Wednesday, October 05, 2005

The Negro Family: The Case For National Action (Moynihan, 1965) The Negro Family: The Case For National Action (Moynihan, 1965)

Back as an incoming freshman in college in 1968, we were tasked to read "The Negro Family: The Case For National Action" by Daniel Patrick Moynihan. Mr. Moynihan worked for four administrations, Democrat and Republican, and ultimately ended up serving three terms as a Senator from New York. He died two years ago, a national hero.

A year or so ago, I read a book on neo-conservatism, and was surprised to find that he was considered a charter member of that group, given his obvious liberal leanings. But then, they defined a neo-conservative as a progressive mugged by reality.

The URL above links to a Department of Labor version of the book, minus many of the tables and footnotes that made it so hard to read 37 years ago. Rereading it now is interesting, esp. in view of the recent flap by Bill Bennett and Freakonomics.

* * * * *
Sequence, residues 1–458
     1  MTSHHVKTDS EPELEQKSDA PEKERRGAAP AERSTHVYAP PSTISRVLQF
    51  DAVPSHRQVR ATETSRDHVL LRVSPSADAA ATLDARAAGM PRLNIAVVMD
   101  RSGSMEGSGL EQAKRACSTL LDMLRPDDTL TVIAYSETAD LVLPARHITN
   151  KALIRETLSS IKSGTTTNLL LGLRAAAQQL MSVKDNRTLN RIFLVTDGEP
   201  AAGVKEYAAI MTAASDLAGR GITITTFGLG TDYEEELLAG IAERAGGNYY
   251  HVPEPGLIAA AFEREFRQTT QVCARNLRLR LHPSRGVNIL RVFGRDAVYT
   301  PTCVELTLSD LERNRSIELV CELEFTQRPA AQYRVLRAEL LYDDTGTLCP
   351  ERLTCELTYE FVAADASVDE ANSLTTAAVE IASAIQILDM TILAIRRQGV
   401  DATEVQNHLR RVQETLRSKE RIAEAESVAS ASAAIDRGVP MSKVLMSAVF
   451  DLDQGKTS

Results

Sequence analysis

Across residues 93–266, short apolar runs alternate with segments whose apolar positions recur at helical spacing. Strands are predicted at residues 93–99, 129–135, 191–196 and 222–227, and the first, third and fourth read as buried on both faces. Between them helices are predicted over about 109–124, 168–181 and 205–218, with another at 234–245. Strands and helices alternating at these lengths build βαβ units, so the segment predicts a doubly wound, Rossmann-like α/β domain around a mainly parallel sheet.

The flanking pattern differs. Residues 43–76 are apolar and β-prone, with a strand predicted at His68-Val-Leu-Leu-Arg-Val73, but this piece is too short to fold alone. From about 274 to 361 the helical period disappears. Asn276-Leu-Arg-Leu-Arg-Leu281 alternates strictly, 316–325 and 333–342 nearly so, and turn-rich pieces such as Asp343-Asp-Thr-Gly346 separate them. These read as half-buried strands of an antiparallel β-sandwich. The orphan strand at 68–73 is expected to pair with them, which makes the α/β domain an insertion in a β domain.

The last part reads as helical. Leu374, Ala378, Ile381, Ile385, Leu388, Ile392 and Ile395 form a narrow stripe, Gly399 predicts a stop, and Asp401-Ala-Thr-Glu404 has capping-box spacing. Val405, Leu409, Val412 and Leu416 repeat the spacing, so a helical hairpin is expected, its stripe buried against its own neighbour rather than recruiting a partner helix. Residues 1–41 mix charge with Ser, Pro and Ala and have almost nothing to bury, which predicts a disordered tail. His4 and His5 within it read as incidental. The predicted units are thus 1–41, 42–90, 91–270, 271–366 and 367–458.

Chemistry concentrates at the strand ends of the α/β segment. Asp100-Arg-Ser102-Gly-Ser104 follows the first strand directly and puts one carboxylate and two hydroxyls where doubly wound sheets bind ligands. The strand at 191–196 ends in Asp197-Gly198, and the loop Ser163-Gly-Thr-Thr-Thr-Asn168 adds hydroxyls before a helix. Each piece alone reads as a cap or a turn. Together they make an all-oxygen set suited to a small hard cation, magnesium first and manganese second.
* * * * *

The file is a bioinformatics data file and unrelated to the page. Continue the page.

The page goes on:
Moynihan, back 40 years ago, was bemoaning the breakdown of the "Negro Family". He blamed it on, among other things, urbanization - that Black families tended to break down as they moved from the rural south to the cities. And since then, it has only gotten worse. A lot worse. And, there are a lot of studies that show that there is an extremely high correlation between raising kids in fatherless households and crime. Indeed, this is one of the biggest, if not biggest, predictors of (and, presumably causes of) crime. Somewhere around 90% of those in prison, black, white, etc., were raised in such environments. So, no surprise that with the significantly higher percentage of Black children being raised this way, that the Black crime rate is significantly higher than average.

I would suggest though that Sen. Moynihan's solution made the problem worse. He was instrumental in the War on Poverty, and that is, in my estimation, one of the two major factors behind this explosion since he wrote that book. The War on Poverty provided financial incentives to women to have children out of wedlock - supporting them if they did, and cutting them off when a man entered the scene. And, secondly, the stigma of bastardry has been effectively eliminated. All this happened about the same time. And both worked to make raising kids without a father in the house viable and morally acceptable.

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